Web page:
Tuesday Tutorial – Dodge & Burn

Dodging & Burning in Photoshop
by Jeff Greene /



This is the first in a series of Tuesday Tutorials where I will offer a useful tip, trick, or technique that will enhance your images. 


This week I will cover dodging and burning in Photoshop which enables the darkening and lightening of selected portions of an image. I don't use the Dodge & Burn Tool provided by Photoshop and I never, ever do anything to my image that directly affects the pixels on the Background layer. My basic workflow is done on separate adjustment layers for tonal and color corrections, cloning, and dodging and burning.  I then save this un-sized, un-cropped and un-sharpened file as the master file. This allows for maximum versatility to fine tune the image in the future by reopening each layer and applying minute corrections until perfected.


Again, I don’t use the Dodge and Burn tools that Photoshop provides because they only work on pixels directly. They also do not offer enough control and can be quite overpowering.  The following method utilizes a new layer with its blending mode set to Overlay and, using the Brush tool at 10% opacity, painting with black or white. This will darken and lighten specific portions of the image when the brush is applied in smooth strokes.


Here’s how it’s done.


1. At the bottom of the layers palette, click on the “Create a new layer” button while holding down the ALT key (OPT on the Mac).  This brings up a dialog box so we can make some changes to the layer’s properties.



2. In the dialog box we need to do two things. First, change the Mode to Overlay and, second, check the box below that reads “Fill with Overlay neutral color (50% gray)”.  If you wish to name the layer, then you can type it into the “Name” window.  I usually just call it “Dodge & Burn".



3. Click “OK” and a new layer filled with gray should appear at the top of your layers palette.



4. Select the Brush tool. In the tool options bar be sure the brush edges are at 0% Hardness, Mode is Normal and change the Opacity to 10%.



5. Make the Foreground / Background their default colors (black and white) by clicking on the small black and white icon beneath the squares.


6. To darken, or “burn” selected areas, make the Foreground color black and paint those areas that need darkening with smooth strokes. Keeping the mouse button pressed will only darken the image by 10%; regardless of how many strokes are made over the same area. To apply another 10% darkening, re-click and hold the mouse painting over the same area again.  You can gradually build up the effect giving the image a very natural look.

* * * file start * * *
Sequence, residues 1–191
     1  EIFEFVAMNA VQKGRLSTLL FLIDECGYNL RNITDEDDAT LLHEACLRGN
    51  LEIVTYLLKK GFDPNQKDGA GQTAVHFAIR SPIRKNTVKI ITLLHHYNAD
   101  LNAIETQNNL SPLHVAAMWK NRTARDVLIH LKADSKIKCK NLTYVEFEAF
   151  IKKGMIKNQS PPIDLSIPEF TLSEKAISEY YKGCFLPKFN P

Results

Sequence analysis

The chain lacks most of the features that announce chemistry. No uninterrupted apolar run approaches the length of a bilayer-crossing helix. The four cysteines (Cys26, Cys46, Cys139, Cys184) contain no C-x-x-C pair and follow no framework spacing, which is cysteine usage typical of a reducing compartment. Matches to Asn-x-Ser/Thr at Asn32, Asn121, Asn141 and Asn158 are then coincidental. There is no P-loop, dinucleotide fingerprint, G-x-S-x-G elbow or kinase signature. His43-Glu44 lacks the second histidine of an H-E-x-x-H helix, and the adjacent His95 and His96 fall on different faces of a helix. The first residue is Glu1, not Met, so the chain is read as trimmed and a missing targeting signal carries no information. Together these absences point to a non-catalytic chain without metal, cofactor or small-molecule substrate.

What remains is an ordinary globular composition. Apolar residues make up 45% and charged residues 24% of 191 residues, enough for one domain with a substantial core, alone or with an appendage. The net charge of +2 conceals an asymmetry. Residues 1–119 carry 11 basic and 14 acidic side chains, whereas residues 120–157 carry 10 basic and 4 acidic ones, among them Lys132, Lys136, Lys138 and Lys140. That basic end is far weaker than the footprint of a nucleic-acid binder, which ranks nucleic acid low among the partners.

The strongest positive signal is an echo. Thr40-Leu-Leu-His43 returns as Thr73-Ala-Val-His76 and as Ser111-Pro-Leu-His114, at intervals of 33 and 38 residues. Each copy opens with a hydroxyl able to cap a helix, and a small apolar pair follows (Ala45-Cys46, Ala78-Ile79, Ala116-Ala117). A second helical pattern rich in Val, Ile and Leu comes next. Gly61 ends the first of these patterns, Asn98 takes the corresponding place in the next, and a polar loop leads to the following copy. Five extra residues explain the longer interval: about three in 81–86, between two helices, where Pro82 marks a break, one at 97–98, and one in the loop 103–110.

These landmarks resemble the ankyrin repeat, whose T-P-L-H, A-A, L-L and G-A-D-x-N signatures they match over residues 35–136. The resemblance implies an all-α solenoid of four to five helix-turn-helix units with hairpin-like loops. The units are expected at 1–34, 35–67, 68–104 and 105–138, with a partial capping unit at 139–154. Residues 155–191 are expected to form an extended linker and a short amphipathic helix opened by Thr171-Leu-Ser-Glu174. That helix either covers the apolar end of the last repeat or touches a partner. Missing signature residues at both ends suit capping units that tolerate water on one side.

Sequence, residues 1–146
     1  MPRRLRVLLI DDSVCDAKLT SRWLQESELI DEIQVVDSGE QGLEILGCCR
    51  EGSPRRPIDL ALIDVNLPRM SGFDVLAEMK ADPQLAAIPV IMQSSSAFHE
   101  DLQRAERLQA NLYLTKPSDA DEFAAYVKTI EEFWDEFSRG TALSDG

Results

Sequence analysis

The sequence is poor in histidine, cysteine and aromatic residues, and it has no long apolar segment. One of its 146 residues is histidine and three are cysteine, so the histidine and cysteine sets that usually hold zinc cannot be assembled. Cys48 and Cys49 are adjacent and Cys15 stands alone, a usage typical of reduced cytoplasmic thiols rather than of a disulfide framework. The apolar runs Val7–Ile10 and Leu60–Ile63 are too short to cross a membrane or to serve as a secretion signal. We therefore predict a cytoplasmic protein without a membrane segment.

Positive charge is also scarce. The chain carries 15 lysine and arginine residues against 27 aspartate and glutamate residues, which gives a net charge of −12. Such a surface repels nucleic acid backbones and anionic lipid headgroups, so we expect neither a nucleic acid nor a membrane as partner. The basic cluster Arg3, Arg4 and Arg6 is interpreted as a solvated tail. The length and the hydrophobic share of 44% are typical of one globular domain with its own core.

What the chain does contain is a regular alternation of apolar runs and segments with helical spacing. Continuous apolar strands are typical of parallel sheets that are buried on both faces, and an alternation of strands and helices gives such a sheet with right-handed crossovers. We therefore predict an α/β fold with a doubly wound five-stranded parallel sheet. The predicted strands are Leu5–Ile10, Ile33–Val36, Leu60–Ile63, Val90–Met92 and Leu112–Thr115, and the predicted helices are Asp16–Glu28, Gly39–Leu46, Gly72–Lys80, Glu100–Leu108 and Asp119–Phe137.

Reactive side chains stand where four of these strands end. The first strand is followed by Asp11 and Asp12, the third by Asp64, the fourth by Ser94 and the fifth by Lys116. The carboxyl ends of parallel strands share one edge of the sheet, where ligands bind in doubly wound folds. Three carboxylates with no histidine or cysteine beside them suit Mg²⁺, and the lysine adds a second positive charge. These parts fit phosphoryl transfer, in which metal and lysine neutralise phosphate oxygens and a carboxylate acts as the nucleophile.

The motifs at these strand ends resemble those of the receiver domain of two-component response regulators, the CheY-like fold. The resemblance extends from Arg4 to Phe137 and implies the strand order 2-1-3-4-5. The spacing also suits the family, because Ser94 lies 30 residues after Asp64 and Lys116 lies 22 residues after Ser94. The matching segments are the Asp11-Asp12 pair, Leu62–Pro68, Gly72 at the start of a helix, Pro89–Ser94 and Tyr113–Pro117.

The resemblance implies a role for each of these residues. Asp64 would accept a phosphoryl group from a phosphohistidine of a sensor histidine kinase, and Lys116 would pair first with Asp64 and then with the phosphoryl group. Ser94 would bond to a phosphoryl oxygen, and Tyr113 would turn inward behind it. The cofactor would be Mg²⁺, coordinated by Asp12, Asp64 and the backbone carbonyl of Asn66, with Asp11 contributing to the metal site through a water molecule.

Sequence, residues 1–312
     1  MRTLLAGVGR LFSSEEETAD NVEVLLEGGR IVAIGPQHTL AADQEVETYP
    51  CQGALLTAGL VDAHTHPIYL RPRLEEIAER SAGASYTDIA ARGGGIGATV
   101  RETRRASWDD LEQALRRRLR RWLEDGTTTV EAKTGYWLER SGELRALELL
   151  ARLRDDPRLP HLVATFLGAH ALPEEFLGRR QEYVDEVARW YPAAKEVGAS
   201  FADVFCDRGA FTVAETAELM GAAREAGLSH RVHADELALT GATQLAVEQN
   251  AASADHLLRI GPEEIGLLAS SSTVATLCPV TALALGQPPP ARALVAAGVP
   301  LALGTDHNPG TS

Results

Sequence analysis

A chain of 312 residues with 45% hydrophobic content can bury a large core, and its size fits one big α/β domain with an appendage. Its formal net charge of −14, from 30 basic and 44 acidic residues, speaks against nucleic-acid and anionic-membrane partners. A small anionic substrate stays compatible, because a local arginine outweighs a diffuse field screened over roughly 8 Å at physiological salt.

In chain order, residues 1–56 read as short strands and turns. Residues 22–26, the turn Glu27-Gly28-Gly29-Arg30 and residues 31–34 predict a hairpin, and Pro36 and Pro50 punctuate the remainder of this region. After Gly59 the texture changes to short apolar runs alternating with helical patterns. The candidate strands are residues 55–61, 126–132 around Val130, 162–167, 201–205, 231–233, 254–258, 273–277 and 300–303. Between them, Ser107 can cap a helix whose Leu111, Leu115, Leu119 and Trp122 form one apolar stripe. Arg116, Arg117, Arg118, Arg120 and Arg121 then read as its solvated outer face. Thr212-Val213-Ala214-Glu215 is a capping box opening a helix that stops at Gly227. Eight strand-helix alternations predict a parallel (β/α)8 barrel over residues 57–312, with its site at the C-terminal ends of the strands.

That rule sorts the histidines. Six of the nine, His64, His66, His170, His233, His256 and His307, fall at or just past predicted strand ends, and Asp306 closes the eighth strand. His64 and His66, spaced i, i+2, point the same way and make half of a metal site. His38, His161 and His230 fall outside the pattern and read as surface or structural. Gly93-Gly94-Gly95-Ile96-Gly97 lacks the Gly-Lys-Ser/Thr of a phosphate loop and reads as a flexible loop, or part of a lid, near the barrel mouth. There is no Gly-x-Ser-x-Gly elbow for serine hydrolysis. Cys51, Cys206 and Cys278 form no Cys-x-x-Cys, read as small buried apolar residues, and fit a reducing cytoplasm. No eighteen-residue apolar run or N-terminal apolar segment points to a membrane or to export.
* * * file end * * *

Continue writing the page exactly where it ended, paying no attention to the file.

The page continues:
7. To lighten or “dodge” the image simply switch the Foreground color to white and repeat the process.  Remember, it’s best to use smooth strokes as opposed to a bunch of individual clicks.   An important note: this process only works on portions of the image that contain mid-tone values.  It has no affect on dark shadows and bright highlights.



8. Finally, to see the dramatic “before” and “after” versions, simply click the visibility or “eye” icon to the left of the dodge & burn layer which effectively turns the layer “on” and “off”.  Isn’t that cool!?



That’s it… I apply this technique to literally every image I enhance in my workflow process. Maybe it’s just a slight darkening of the corners to draw the viewers’ eye to the center of interest in the print, or perhaps a more elaborate application when I need to open up some shadow detail and tone down brighter areas.  In every case, it vastly improves the image and it will prove to be an invaluable tool in your arsenal of Photoshop weapons.


Tomorrow: Wednesday Website - I'll be highlighting a cool and useful sight for photographers...


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